Story: Māori musical instruments – taonga puoro

Tūtānekai's kōauau (2nd of 2)

Tūtānekai's kōauau

This ancient bone kōauau (flute), with a carved face at each end, is said to be the instrument played by Tūtānekai to his lover, Hinemoa. It is named Te Murirangaranga after a powerful tohunga who was killed soon after Tūtānekai was born. The kōauau was made from the tohunga's right arm, and named after him. In 1864 the Te Arawa chief Tohi Te Ururangi was killed in battle while wearing Te Murirangaranga around his neck. Some years later this precious taonga was presented to Captain Gilbert Mair, who donated it to the Auckland Museum in 1890. In 1993 Te Murirangaranga was formally returned to the Te Arawa people.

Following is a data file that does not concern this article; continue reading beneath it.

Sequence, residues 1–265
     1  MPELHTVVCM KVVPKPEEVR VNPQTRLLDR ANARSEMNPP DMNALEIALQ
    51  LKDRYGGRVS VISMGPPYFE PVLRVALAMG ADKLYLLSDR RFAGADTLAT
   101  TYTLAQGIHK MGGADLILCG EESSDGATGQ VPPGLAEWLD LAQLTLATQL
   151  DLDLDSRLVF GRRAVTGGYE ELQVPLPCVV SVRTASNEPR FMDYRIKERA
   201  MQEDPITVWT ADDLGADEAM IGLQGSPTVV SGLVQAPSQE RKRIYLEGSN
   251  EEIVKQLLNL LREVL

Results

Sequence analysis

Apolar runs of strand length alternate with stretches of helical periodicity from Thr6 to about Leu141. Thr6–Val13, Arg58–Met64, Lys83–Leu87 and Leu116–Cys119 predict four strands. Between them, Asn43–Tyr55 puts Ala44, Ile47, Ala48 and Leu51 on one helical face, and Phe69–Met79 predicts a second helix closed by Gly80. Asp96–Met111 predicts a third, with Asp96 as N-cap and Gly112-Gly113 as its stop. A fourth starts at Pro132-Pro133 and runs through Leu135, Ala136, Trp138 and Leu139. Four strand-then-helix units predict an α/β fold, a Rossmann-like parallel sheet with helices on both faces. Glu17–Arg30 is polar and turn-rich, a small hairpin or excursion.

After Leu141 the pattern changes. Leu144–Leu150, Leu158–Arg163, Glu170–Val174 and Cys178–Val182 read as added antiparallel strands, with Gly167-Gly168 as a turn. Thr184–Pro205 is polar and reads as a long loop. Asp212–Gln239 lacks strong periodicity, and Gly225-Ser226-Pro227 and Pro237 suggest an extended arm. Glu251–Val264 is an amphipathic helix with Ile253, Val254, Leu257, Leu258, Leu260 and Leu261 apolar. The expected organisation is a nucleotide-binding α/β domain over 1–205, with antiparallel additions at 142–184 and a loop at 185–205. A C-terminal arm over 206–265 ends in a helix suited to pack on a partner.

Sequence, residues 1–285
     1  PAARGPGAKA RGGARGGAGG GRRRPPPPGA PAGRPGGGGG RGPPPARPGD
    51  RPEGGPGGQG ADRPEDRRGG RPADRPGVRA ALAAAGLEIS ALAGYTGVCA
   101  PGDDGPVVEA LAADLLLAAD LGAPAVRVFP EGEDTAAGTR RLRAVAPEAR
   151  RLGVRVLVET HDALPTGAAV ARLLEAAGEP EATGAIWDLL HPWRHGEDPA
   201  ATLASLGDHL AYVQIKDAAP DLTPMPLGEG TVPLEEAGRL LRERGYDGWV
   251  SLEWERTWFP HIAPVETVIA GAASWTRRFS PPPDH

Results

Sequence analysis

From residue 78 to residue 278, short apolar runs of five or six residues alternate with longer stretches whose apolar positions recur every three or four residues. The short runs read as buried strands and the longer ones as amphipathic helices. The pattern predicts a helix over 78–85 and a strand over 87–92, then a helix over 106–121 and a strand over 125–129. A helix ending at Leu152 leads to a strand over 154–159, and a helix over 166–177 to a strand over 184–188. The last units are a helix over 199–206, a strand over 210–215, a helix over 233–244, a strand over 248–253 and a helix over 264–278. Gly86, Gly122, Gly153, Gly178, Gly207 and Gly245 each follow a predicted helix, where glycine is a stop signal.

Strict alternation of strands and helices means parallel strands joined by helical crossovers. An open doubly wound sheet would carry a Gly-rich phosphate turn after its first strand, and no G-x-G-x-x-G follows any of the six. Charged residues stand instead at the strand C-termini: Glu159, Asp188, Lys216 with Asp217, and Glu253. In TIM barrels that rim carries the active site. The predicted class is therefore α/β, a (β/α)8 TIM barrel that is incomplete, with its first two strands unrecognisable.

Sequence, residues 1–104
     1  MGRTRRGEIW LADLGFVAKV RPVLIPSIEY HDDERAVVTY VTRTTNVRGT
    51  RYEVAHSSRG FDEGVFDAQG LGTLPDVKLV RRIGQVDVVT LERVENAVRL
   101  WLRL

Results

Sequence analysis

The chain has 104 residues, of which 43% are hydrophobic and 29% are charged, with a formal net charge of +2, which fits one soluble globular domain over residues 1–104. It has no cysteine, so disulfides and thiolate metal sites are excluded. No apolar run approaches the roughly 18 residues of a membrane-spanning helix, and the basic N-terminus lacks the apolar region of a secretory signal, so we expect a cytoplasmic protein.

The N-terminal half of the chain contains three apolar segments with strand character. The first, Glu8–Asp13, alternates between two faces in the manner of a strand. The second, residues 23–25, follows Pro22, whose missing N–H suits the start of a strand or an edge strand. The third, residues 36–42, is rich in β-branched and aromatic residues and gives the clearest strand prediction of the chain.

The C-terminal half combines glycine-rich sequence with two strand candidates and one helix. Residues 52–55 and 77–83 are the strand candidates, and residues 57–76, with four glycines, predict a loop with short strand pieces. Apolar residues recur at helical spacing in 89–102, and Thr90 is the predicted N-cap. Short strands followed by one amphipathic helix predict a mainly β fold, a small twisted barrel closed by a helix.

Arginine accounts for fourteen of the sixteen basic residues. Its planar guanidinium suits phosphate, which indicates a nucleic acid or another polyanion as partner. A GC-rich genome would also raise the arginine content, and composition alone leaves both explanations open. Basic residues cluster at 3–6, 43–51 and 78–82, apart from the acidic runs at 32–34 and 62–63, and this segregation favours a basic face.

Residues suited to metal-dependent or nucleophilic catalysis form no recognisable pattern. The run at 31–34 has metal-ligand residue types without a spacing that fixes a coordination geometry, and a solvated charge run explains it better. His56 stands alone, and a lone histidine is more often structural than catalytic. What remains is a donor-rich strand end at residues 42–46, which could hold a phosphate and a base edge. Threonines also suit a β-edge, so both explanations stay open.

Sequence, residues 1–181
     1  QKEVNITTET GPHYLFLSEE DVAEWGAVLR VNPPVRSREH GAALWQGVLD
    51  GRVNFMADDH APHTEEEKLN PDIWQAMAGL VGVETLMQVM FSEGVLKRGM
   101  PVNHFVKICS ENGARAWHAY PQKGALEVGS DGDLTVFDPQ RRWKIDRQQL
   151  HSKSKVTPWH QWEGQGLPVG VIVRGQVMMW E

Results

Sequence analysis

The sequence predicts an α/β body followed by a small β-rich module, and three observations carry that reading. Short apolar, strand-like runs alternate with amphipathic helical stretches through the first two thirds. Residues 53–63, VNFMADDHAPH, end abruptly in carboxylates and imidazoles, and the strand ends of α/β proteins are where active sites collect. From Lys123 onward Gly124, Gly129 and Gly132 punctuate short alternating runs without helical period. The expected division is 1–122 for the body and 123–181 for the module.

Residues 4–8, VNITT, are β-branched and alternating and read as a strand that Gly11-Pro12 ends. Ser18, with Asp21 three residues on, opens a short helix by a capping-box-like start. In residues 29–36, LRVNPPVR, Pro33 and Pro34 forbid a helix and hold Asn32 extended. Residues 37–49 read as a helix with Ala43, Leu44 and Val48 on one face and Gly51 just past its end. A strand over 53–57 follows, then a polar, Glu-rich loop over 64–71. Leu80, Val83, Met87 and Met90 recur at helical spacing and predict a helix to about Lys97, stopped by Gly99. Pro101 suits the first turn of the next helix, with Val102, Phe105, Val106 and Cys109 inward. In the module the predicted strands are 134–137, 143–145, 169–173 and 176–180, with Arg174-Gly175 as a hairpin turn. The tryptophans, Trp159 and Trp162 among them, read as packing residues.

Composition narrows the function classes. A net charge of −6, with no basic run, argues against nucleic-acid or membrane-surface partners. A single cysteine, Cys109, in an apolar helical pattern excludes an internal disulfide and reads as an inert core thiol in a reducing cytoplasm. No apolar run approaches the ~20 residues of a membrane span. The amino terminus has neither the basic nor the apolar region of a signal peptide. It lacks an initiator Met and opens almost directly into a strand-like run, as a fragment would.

Using this item

Private collection, Paul Tapsell
Photograph by Paul Tapsell

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How to cite this page:

Brian Flintoff, 'Māori musical instruments – taonga puoro - Melodic instruments – the family of Rangi', Te Ara - the Encyclopedia of New Zealand, (accessed 16 June 2024)

Story by Brian Flintoff, published 22 Oct 2014